While he is tanning, resting and recreating South of the Border, Childress is making Stanford history today as he has been named a First Team All-American by the Associated Press. He is just the second First Team AP selection in Stanford Basketball history; the first was Casey Jacobsen in his sophomore (2000-01) season. Childress already broke ground two weeks ago when he became the first ever Cardinal player to be named Pac-10 Player of the Year.
Childress averaged 15.7 points and 7.5 rebounds per game despite starting the year injured. He missed the team's first nine games with a stress reaction in his foot, and it took three weeks back before he was moved into the small forward starting position. The electric junior forward was Stanford's best offensive player, with unmatched ability to create scoring opportunities off the dribble - attacking and improvising from any spot on the perimeter. He also recorded a surprising 39.5% shooting average from three-point range this year, as well as a 82.1% clip from the free throw line.
The Stanford forward was named one of five First Team selections today, joining Emeka Okafor of Connecticut, Jameer Nelson of St. Joseph's, Lawrence Roberts of Mississippi State and Ryan Gomes of Providence. Okafor and Nelson were unanimous selections, meaning they both picked up first team votes from every one of the 72 voters. Each voter named three five-man teams, with points being award: five for a first team selection, three for second team and one for third team. Childress picked up 235 out of a possible 360 points, and was named to 34 first team ballots. He finished fourth in the overall voting, ahead of Gomes.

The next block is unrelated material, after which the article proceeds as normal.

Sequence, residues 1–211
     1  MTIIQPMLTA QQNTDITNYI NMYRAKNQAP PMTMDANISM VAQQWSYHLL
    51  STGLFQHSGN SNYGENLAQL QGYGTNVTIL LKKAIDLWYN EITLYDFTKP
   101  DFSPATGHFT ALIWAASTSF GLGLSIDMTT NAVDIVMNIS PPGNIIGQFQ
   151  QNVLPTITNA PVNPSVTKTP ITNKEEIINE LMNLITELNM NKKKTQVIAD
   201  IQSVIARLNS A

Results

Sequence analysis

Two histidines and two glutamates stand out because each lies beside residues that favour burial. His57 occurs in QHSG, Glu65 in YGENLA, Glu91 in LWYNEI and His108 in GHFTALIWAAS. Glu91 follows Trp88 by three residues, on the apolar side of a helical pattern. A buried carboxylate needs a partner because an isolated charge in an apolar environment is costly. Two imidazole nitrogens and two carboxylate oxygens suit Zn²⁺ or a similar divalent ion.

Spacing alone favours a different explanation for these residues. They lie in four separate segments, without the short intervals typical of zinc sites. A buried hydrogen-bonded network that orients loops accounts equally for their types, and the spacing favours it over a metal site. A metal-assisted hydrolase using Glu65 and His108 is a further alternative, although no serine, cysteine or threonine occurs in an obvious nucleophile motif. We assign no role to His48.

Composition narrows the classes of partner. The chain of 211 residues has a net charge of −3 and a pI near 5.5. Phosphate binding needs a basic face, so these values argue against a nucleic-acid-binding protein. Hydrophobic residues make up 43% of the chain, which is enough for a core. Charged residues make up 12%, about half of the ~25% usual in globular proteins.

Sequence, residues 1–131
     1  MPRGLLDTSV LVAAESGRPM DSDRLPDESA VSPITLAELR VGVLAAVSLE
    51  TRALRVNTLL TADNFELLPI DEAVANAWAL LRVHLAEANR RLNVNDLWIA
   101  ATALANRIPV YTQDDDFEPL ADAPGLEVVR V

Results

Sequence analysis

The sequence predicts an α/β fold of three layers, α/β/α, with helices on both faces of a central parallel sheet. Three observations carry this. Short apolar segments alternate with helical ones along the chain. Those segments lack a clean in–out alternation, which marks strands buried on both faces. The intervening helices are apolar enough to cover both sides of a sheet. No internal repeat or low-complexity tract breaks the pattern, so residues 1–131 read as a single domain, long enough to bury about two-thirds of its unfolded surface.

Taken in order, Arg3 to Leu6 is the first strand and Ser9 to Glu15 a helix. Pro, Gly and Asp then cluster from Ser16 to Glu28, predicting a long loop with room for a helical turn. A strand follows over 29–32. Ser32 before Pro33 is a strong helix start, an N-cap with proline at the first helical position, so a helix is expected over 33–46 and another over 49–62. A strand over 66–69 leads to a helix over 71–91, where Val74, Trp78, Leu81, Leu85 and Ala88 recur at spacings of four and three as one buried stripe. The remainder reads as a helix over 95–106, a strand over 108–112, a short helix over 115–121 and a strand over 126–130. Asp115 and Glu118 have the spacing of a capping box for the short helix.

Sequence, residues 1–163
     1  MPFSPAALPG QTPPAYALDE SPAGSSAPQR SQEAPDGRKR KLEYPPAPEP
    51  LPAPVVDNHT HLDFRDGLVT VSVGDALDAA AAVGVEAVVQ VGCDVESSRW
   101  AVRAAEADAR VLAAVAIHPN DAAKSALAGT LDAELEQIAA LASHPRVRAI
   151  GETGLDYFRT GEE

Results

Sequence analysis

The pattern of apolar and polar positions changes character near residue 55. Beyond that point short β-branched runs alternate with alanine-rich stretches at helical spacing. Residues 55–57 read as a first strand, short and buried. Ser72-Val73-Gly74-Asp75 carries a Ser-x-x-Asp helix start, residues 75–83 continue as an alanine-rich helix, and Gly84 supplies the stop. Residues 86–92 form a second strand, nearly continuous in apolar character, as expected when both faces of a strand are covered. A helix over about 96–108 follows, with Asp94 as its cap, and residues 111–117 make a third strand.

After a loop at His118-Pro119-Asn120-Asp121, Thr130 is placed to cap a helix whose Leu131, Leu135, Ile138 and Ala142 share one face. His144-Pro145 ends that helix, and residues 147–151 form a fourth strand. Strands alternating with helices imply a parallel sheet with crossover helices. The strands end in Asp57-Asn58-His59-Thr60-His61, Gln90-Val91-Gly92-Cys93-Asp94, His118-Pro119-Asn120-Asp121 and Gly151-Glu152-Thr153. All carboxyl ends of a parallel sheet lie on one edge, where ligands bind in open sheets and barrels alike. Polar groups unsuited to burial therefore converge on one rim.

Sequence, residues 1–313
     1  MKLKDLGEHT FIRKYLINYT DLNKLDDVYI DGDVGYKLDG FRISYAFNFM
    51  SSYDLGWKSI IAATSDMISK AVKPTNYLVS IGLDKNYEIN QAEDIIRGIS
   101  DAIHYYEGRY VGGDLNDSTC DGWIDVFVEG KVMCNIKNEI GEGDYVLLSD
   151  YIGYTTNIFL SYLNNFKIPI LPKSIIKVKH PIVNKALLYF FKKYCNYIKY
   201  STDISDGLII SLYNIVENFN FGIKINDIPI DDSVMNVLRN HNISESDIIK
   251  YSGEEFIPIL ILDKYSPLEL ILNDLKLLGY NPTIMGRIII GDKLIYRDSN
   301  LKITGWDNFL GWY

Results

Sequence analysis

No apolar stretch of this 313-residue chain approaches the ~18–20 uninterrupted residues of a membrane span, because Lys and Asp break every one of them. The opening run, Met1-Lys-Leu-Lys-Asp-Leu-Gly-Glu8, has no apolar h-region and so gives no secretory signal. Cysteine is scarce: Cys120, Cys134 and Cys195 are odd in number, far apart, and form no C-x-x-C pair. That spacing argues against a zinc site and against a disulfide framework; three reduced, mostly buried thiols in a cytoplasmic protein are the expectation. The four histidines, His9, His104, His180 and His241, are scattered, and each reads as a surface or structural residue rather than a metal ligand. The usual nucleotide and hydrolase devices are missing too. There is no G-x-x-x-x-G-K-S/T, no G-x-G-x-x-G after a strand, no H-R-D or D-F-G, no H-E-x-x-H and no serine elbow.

This is news to celebrate for Cardinalmaniacs, but the bigger news today that will reverberate through every media outlet in the country came from Stanford head coach Mike Montgomery. During his midday season-concluding teleconference, he told media that he expects Childress to come back for his senior season. This adds fuel to the back-and-forth speculation that is running rampant among Stanford fans, and observers of college basketball (as well as the NBA Draft).
"I think he'd like to come back to Stanford," Montgomery proclaimed to the media today. "What kids are supposed to do is finish college and get a degree, which is what Josh has always said he wants to do."
While this news is comforting to nervous Stanford fans, staring down a thin roster next year of just 10 scholarship players if Childress leaves, it is not dispositive proof that the Card All-American will come back. Montgomery has always maintained that the more and more a kid like Childress hears that he should leave, or the more that he is asked the question, the more then that he will believe it to be something he should do. This could reasonably be taken as little more than a strategic statement by Montgomery to help keep his star player on campus for another year. However, I would maintain that there is a better than 50/50 chance for Childress to come back. The "rules" that govern the decisions of kids his age with his ability do not all apply, as Childress is a pretty different kid who cuts against the grain of today's superstars.
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